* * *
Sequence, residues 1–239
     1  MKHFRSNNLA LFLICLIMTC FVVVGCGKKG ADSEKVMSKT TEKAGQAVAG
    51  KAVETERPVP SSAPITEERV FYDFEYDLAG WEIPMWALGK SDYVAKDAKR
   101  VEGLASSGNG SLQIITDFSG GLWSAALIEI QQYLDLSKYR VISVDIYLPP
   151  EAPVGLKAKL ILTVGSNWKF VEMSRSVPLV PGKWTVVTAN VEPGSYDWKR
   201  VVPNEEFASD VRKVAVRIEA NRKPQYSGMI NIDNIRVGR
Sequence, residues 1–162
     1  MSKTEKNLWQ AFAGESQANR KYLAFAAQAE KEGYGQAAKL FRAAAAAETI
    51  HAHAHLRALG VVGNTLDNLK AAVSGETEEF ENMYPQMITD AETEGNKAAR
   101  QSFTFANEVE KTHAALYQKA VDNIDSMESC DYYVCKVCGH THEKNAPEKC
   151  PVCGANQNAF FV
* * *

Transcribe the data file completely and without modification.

Sequence, residues 1–239
     1  MKHFRSNNLA LFLICLIMTC FVVVGCGKKG ADSEKVMSKT TEKAGQAVAG
    51  KAVETERPVP SSAPITEERV FYDFEYDLAG WEIPMWALGK SDYVAKDAKR
   101  VEGLASSGNG SLQIITDFSG GLWSAALIEI QQYLDLSKYR VISVDIYLPP
   151  EAPVGLKAKL ILTVGSNWKF VEMSRSVPLV PGKWTVVTAN VEPGSYDWKR
   201  VVPNEEFASD VRKVAVRIEA NRKPQYSGMI NIDNIRVGR
Sequence, residues 1–162
     1  MSKTEKNLWQ AFAGESQANR KYLAFAAQAE KEGYGQAAKL FRAAAAAETI
    51  HAHAHLRALG VVGNTLDNLK AAVSGETEEF ENMYPQMITD AETEGNKAAR
   101  QSFTFANEVE KTHAALYQKA VDNIDSMESC DYYVCKVCGH THEKNAPEKC
   151  PVCGANQNAF FV